E-hailing drivers demand answers at the Department of Transport as they claim exploitation by “giant app companies”. Picture: James Mahlokwane
E-hailing drivers demand answers at the Department of Transport as they claim exploitation by “giant app companies”. Picture: James Mahlokwane

WATCH: E-hailing drivers demand Fikile Mbalula end exploitation by app companies

By James Mahlokwane Time of article published Mar 10, 2021

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Pretoria - E-hailing transport drivers from companies like Uber, Bolt and InDriver downed tools and gathered in Pretoria at the Department of Transport to demand Minister of Transport Fikile Mbalula "end their exploitation by the giant transport app companies."

With emotions running high, security guards ended up closing down roller doors to the department's entrance as the drivers sought answers but the door broke during the altercation.

The drivers said they issued messages to all e-hailing vehicle drivers to switch off their apps to shutdown operations across the country to strengthen their call for Mbalula to impose regulations on the companies they labelled "arrogant and bossy."

Gauteng convenor for e-hailing vehicle drivers Henry Mathebula and Nomagugu Ndiweni led an angry crowd to the minister's officer calling for Mbalula to "lay off Twitter" and come end the exploitation of the youth being exploited by giant companies and exposed to dangerous working conditions.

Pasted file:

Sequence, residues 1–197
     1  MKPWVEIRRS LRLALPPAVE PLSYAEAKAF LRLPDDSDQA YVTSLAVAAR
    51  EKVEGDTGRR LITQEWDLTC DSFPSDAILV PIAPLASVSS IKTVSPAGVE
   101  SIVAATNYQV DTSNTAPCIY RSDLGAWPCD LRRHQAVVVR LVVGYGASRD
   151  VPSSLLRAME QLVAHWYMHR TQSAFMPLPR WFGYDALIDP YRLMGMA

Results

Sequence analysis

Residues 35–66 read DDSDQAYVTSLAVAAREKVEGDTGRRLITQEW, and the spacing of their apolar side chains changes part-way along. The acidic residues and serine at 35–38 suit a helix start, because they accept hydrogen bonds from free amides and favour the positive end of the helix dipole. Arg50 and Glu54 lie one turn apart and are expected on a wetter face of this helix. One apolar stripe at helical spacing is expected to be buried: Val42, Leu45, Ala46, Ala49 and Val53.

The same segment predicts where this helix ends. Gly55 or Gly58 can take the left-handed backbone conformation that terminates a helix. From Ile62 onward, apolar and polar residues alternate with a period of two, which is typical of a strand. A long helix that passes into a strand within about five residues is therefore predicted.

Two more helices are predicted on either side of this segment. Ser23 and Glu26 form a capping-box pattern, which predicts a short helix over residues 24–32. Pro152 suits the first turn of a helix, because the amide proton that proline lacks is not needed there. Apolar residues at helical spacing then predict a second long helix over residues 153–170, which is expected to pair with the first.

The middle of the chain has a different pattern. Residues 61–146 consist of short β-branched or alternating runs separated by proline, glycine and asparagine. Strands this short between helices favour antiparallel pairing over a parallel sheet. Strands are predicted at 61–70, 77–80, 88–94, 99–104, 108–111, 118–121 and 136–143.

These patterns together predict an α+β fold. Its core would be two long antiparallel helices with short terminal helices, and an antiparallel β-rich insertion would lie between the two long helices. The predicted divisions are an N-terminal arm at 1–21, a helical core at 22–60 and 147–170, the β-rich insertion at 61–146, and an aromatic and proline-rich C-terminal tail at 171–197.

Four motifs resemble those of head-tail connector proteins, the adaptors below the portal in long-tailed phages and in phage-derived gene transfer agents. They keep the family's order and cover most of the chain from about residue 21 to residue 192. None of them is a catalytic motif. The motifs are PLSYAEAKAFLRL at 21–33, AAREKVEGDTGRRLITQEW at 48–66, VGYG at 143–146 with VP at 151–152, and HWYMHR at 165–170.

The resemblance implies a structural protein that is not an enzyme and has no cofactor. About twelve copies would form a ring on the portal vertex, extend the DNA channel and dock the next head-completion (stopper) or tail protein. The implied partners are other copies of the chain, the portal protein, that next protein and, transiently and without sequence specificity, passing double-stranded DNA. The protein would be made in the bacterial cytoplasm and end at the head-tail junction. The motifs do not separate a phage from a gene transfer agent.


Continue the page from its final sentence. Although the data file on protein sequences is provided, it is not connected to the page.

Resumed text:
Mathebula said these companies, in charging cheaper rates for trips, have made them enemies of the metered taxi drivers, leaving them afraid to pick up people from some areas but, despite deaths and violence, the department has not asked the companies to increase their prices for fair competition that will end the conflict.

He said low prices of around R20, and sometimes discounts allowing people to pay R10 or less, were leaving them with "peanuts" that saw some drivers' cars being repossessed even in front of passengers.

Ndiweni said even though Uber was trying and offering security to protect drivers, most of the drivers, especially from the smaller companies, were still not safe from hijacking, robberies and theft.

She said these companies were just happy to get their portion per trip, that there was no adequate client identity verification, leaving drivers robbed, kidnapped and hijacked by the "so called" passengers.

She said: "Mbalula we are here to say you are our father as the Minister of the Department of Transport and we are saying you cannot continue to allow these internationally owned companies to come to our country and exploit us like this.

"Do something Mbalula. We are in the streets day in, day out, but we have nothing to show for it. We are being killed and we buried at least three of our drivers since the last time we were here last year."

Mathebula said: "These companies do not even treat the drivers like partners even when they claim that we are partners. When some angry passengers with their own issues complain, drivers just get dismissed without hearing. They just get kicked out of the system and receive notice through email. Imagine this happens after you just purchased a vehicle."

The drivers who said they were tired of delivering memorandums that are not followed by responses screamed at Acting Deputy Director-General Johannes Makgatho, who received the memorandum on Mbalula's behalf, to ensure the papers would not be "used as toilet paper."

However, Makgatho told them that even if they did not believe it, the government does care about e-hailing operations, as a matter of fact, there is legislation that seeks to regulate companies like Uber, Bolt and InDriver but  it was currently awaiting finalisation at parliament.

Pretoria News

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